Because the initial Confirmatory Factor Analysis (CFA) measurement did not have a satisfactory model fit, necessary modifications were made in an attempt to improve the model fit indices. Modification indices from Mplus suggested the addition of error covariances between items that measured the same latent variables. Variables that exhibited the greatest change magnitude were examined first and retained in order to improve indices of model fit. Each modification added a new error covariance to those entered in the previous model. After the modification process, the final CFA on resilience, anxiety, and depression indicate much better measurement model fit results compared with the initial fit indices (See Table 3). The RMSEA in the final model was 0.035, RMESA values of.06 or less delineated a good fitting model (Steiger, 1990). The SRMR was 0.038, SRMR values of.08 or less indicated a good model fit (Hu and Bentler, 1999). The comparative fit index (CFI), compares the hypothesized model against an independence model and is ranged between 0 and 1; values above 0.95 indicate a model that fits the data well (Bentler, 1990). The CFI of 0.971 from this study was satisfactory for the model fitting results. The TLI or the NNFI analyzes the discrepancy between the chi-square value of the null model and the chi-square value of the hypothesized model, with a cutoff of 0.95 or greater demonstrating a good model fit (Tucker and Lewis, 1973). The TLI of 0.964 from this study was acceptable for the measurement model fit result.

TABLE 3
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Table 3. Fit indices for resilience, anxiety, and depression measurement model.

Structural equation model (SEM) for resilience, anxiety, and depression

A structural model was created based on the measurement model to estimate the relationships between the measured constructs of resilience, anxiety, and depression. The model fit was investigated to ensure the compatibility between the empirical evidence obtained and the model proposed. The final structural model fit indices indicated a good fit for the theoretical constructs between resilience, anxiety, and depression and are shown in Figure 2. The resultant chi-square value’s relation to the p-value was significant (χ2 = 2285.653; df = 1198; p < 0.01), CFI 0.964, TLI 0.956, RMSEA 0.039, and SRMR 0.060. All the necessary model fit indices indicated an acceptable fit for the theoretical relationship between resilience, anxiety, and depression in Chinese collegiate athletes. Based on the analysis done on the resilience, anxiety, and depression theoretical model, direct and indirect relationship between these constructs, along with categorical variables in gender effect as well as among injured and non-injured collegiate athletes were examined. The results presented in Table 4 show the estimate, standard error (SE), and two-tailed p-value.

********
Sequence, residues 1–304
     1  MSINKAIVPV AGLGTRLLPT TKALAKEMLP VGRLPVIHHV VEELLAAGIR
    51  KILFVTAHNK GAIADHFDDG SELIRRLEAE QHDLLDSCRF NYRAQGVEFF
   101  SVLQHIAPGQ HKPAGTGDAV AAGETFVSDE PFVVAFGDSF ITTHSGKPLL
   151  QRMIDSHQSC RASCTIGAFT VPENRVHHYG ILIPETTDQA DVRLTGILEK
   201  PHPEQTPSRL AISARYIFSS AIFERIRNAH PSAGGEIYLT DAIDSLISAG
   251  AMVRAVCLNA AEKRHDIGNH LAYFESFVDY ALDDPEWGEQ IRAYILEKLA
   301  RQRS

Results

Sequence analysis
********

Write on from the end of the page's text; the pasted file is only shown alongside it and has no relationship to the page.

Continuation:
FIGURE 2
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Figure 2. The final structural equation model on resilience, anxiety, and depression (*p ≤ 0.01, **p ≤ 0.001). Anxiety 1: cognitive factor, Anxiety 2: somatic factor, Depression 1: somatic factor, and Depression 2: cognitive factor.

TABLE 4
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Table 4. Estimate, standard error, and two-tailed p-value for analyzed variables.

The results shown in Table 4 indicated a significant inverse relationship between anxiety and resilience and suggested that a one unit increase in resilience should correspond with a 0.103 decrease in the somatic factor and a 0.250 decrease in the cognitive factor of anxiety. The results also demonstrated a significant inverse relationship between resilience and depression. Specifically, the model predicted that athletes would experience a 0.189 decrease in the somatic factor of depression for every unit increase in resiliency level. Female and male athletes in the non-injured group did not demonstrate a statistically significant relationship between anxiety and depression, but both male and female injured athletes exhibited a statistically significant correlation between injuries, anxiety, and depression. Specifically, the model predicted that injured athletes would experience a 0.142 unit increase in the cognitive factor and a 0.262 unit increase in the somatic factor of anxiety and a 0.190 in the cognitive factor of depression. That is, an athlete who experienced an injury was more susceptible than their non-injured peers to symptoms of anxiety and depression. Anxiety and depression were positively correlated, with the model predicting that a one unit increase in the cognitive factor of anxiety would cause the athlete to experience a 0.698 and a 0.652 increase in both somatic and cognitive factors of depression. This study indicated that gender did not have a significant impact on anxiety, resilience, and depression even though a previous study pointed out that women in general tended to report higher scores in anxiety compared with men (Beck and Steer, 1993).

Results from the structural equation models provide preliminary evidence in support of the relationship between resilience, anxiety, and depression. The SEM results revealed a strong positive association between anxiety and depression among Chinese collegiate athletes. Furthermore, the SEM model found that resilience level of male and female athletes significantly predicted the degree of anxiety and depression. Additionally, the SEM results indicated that injuries had a significant impact on collegiate athletes’ levels of anxiety and depression.

Discussion